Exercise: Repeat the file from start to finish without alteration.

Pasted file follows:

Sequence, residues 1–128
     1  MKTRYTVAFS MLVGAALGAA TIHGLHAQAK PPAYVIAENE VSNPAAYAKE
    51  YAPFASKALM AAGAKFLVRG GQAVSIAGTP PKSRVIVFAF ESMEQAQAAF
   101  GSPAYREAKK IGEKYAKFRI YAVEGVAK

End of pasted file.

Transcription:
Sequence, residues 1–128
     1  MKTRYTVAFS MLVGAALGAA TIHGLHAQAK PPAYVIAENE VSNPAAYAKE
    51  YAPFASKALM AAGAKFLVRG GQAVSIAGTP PKSRVIVFAF ESMEQAQAAF
   101  GSPAYREAKK IGEKYAKFRI YAVEGVAK